luvyourselfsomeesteem:

Eh, I don’t like when people be like “black girls watch out cause white girls getting booty these days” cause to a black girl’s ears it kinda sounds like “watch out because your only value is your fetishized body and once that’s gone you’ll truly be worthless”

(via theplainjane123)

@10 hours ago with 7642 notes

White ppl's inability to read Black people's nonverbal cues shows their lack of interpersonal skills. 

terarroni:

thisbombasspussygoticktick:

sisoula:

Cause Black people can damn well read theirs.

truly

Scientific fact, actually. Researchers at the University of Toronto Scarbrough found that White people’s neuron system fired less when viewing people of color performing…

@21 hours ago with 2561 notes

Having all these people around me with natural hair, and taking all their products that didn’t work = never paying for anything hair related.

@2 days ago with 1 note
#word 
vinceyface:

HAHAHA go Denny’s #ShotsFired #Dennys

vinceyface:

HAHAHA go Denny’s #ShotsFired #Dennys

(via sup-mate)

@2 days ago with 419 notes

With modern advances in technology, I don’t understand why I’m asked to send pictures to people of Yari when I post him every day 😂
Go to walgreens and print that shit.

@2 days ago with 1 note

(TW: Extreme Anti-Black Racism) I Hate It When People Post This Picture

teddythemonster:

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and think that there was EVER a period in time when they respected us.

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for every other reason

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besides saggy pants!!

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oh nah… keep listening to people who preach self hate because the world respects THE FUCK out of black people in a suit and tie.

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no matter what you do, say or dress like they’ll continue to do shit like

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there’s no such thing as black empowerment while still shaming black people.

(via kenobi-wan-obi)

@20 hours ago with 6975 notes
blackdaylight:

blackgirlwhiteboylove:

Power of the media.


mr. daylight says: word, but real talk that’s not a lot of retweets from such a popular media icon

blackdaylight:

blackgirlwhiteboylove:

Power of the media.

mr. daylight says: word, but real talk that’s not a lot of retweets from such a popular media icon

(Source: thechanelmuse, via payseur)

@1 day ago with 44103 notes
boxfullofcats:

#parenting


This is Yari basically

boxfullofcats:

#parenting

This is Yari basically

(Source: jack-jack-attacks, via nicholethehuman)

@2 days ago with 135583 notes

All the bad stuff comes when I don’t go to church

@2 days ago
biishiki:


knowledgeequalsblackpower:


TRUGANINI: THE LAST “FULL BLOOD” TASMANIAN
In May 7, 1876, Truganini, [erroneously considered to be] the last “full-blood” Black person in Tasmania, died at 73 years of age. Her mother had been stabbed to death by a European. Her sisters were kidnapped by Europeans [and sold into slavery]. Her intended husband was drowned by two Europeans in her presence, while his murderers raped her.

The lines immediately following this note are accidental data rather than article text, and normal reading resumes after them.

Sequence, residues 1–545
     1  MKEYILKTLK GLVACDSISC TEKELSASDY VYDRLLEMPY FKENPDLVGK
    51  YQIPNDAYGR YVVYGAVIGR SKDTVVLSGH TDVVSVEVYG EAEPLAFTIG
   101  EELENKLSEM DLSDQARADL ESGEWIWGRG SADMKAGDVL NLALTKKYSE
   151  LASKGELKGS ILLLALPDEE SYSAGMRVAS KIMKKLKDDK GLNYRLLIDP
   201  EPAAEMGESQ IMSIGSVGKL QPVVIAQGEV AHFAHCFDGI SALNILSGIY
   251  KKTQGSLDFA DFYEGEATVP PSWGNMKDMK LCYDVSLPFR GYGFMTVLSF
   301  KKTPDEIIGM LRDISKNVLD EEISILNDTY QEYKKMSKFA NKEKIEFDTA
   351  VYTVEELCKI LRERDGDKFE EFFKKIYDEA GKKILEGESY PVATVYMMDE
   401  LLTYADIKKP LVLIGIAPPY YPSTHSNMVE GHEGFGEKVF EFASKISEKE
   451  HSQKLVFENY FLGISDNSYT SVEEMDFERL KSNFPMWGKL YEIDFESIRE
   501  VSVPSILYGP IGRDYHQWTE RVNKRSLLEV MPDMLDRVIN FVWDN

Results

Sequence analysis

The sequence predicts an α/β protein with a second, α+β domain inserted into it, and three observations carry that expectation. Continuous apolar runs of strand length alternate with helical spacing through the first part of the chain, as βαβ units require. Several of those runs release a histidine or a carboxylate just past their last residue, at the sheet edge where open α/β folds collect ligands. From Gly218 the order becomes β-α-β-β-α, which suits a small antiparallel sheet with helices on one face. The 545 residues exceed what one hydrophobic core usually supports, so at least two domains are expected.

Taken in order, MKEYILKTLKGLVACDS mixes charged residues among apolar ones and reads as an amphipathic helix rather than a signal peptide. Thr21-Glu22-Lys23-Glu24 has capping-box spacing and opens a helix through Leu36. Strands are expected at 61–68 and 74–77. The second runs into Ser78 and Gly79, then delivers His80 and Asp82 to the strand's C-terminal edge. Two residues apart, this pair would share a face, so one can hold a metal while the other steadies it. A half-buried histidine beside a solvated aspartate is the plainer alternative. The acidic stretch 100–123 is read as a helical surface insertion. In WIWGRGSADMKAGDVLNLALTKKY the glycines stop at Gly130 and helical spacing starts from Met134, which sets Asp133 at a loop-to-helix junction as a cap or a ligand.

It might be accurately said that Truganini’s numerous personal sufferings typify the tragedy of the Black people of Tasmania as a whole. “Don’t let them cut me up,” she begged the doctor as she lay dying. After her burial, Truganini’s body was exhumed, and her skeleton, strung upon wires and placed upright in a box, became for many years the most popular exhibit in the Tasmanian Museum and remained on display until 1947.
Finally, in 1976–the centenary years of Truganini’s death–despite the museum’s objections, her skeleton was cremated and her ashes scattered at sea.

But that’s not the end of the story. After demands from Tanzania’s Aboriginal community, the British Museum returned Truganini hair and skin samples in 2002 (along with bones from other unidentified aborigines). Yet, about 30 copies of the bust of her made by an English sculptor remain on display around the world. 
(via Invasion, Theft, Rape, Murder: The Aboriginal Holocaust in Tasmania)

And this is the history of Australia

biishiki:

knowledgeequalsblackpower:

TRUGANINI: THE LAST “FULL BLOOD” TASMANIAN

In May 7, 1876, Truganini, [erroneously considered to be] the last “full-blood” Black person in Tasmania, died at 73 years of age. Her mother had been stabbed to death by a European. Her sisters were kidnapped by Europeans [and sold into slavery]. Her intended husband was drowned by two Europeans in her presence, while his murderers raped her.

It might be accurately said that Truganini’s numerous personal sufferings typify the tragedy of the Black people of Tasmania as a whole. “Don’t let them cut me up,” she begged the doctor as she lay dying. After her burial, Truganini’s body was exhumed, and her skeleton, strung upon wires and placed upright in a box, became for many years the most popular exhibit in the Tasmanian Museum and remained on display until 1947.

Finally, in 1976–the centenary years of Truganini’s death–despite the museum’s objections, her skeleton was cremated and her ashes scattered at sea.

But that’s not the end of the story. After demands from Tanzania’s Aboriginal community, the British Museum returned Truganini hair and skin samples in 2002 (along with bones from other unidentified aborigines). Yet, about 30 copies of the bust of her made by an English sculptor remain on display around the world

(via Invasion, Theft, Rape, Murder: The Aboriginal Holocaust in Tasmania)

And this is the history of Australia

(via eli-toyou)

@3 days ago with 1811 notes